You know those wooden shutters on your home; the ones that you never close that hang off the sides of your windows? Well, they are out. Traditional shutters are something that has been around since the birth of the United States and require a great deal of maintenance including the oiling of the unused hinges and the painting and staining of the wood. The truth is that it is time for them to go. You don't have to get rid of the look completely, just get rid of the old wooden version.
There are modern choices that make much more sense in terms of practicality as well as appearance. For instance, aluminum shutters do not close (no hinges to oil or clean) and are resistant to a variety of weather conditions. This means that you can use them no matter where you make your home and that you will not have to oil parts you aren't using. Any time exterior maintenance time can be cut, your life gets easier. There are a number of other shutter types around that you may want to consider over wood as well. For one, vinyl offers a number of attractive pros.
It is inexpensive to buy shutters of vinyl and they can last as long as 40 years. In other words, through the life of your mortgage, you can go without replacing shutters. It is certainly something worth thinking about. They can be bought in most any style, and they can be painted easily. Another alternative to your wooden shutters are composite shutters. Made of MDF or particle board, they are made to resist both weather and rot.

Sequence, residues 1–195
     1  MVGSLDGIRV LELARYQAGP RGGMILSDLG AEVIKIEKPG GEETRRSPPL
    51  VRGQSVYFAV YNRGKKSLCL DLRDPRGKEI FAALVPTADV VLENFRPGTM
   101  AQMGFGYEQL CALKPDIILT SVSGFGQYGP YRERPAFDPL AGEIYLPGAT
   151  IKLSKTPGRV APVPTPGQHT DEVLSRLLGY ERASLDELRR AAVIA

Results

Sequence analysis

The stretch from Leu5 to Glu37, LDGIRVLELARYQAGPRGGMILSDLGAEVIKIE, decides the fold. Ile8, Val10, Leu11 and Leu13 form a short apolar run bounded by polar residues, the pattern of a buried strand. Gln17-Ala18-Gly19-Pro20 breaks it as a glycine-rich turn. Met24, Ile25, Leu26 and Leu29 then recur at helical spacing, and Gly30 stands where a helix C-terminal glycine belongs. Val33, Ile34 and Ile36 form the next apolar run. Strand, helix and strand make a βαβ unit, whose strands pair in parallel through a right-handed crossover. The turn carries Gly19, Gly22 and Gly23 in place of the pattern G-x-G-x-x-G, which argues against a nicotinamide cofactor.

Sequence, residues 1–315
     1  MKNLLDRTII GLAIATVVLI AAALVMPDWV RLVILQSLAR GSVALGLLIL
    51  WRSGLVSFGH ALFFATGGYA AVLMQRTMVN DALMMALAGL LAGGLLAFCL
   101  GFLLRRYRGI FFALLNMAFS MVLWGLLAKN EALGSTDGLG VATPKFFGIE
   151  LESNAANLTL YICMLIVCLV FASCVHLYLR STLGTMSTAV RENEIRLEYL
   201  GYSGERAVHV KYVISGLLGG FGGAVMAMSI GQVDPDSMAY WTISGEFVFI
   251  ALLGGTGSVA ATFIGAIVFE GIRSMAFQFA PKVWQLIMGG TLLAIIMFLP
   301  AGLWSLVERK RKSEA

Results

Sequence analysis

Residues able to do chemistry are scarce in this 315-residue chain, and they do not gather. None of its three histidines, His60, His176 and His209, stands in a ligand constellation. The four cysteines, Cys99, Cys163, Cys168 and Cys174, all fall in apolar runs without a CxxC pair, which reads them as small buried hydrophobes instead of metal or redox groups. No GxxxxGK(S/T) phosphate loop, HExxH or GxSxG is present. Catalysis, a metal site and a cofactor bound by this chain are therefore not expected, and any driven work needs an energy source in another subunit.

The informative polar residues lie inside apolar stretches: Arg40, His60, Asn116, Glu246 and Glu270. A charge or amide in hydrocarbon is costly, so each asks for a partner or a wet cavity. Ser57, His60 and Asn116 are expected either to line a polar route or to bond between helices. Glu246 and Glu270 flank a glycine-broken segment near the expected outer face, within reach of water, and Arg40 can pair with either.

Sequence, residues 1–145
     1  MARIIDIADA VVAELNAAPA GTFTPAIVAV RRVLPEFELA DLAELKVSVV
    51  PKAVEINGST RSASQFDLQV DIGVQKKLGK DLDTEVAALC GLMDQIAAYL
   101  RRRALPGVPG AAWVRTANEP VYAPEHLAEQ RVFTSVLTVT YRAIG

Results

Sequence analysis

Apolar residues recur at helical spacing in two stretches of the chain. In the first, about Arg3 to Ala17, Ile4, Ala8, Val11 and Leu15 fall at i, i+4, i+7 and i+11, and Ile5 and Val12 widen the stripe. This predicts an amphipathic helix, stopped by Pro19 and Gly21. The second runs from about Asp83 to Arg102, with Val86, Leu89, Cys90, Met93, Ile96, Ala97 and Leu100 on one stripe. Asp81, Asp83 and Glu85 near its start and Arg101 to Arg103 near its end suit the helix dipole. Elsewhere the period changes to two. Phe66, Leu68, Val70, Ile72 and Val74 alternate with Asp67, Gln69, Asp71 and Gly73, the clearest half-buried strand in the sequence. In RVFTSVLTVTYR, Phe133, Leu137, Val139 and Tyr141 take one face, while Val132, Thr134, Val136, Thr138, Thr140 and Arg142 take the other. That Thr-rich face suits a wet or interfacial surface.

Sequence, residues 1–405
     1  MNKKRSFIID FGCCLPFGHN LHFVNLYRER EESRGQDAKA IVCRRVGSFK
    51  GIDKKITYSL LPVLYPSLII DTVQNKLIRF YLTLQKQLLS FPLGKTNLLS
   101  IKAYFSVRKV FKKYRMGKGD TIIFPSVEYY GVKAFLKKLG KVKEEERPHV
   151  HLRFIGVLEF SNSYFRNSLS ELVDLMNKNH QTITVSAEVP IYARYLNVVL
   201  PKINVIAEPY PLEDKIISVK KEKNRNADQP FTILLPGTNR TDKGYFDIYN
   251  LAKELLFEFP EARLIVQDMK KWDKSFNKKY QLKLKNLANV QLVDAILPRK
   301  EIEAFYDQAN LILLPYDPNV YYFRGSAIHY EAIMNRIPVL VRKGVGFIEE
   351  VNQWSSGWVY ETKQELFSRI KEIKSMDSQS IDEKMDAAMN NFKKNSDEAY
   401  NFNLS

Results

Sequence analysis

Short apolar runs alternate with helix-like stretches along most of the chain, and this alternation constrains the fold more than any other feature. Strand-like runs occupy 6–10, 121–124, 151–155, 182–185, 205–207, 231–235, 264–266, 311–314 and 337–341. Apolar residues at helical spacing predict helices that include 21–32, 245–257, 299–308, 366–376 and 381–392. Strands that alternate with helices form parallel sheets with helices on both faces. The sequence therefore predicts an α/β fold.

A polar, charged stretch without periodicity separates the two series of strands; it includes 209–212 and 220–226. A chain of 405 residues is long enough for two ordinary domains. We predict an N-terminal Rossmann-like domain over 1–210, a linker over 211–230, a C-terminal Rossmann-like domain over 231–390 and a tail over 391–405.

If you want to be able to shut your shutters, then this may be the way to go as some are available that may be opened and closed. However, don't forget your hinge maintenance if you go this route. As with just about anything nowadays, there is always fiberglass. Fiberglass is great if you live in an area with severe weather as shutters made of it can be used for window protection in hurricanes and storms.
However, it is expensive and does not last as long as the vinyl shutters do. Then there is, of course, the aforementioned choice of aluminum shutters. These alternatives to the traditional wood offer protection and strength while not being quite as expensive as their fiberglass cousins. They look great and are strong, but there is a drawback to the purchase of aluminum shutters; most companies offer little more than three or four years of warranty protection. This is because they are prone to denting and chipping.
The next time you decide to do a little home improvement, consider replacing those old shutters. The admiring looks you get from your neighbors will be your reward.
Gregg Hall is an author living in Navarre Beach, Florida. Find more about this as well as window shutters at http://www.windowblindsandshadesonline.com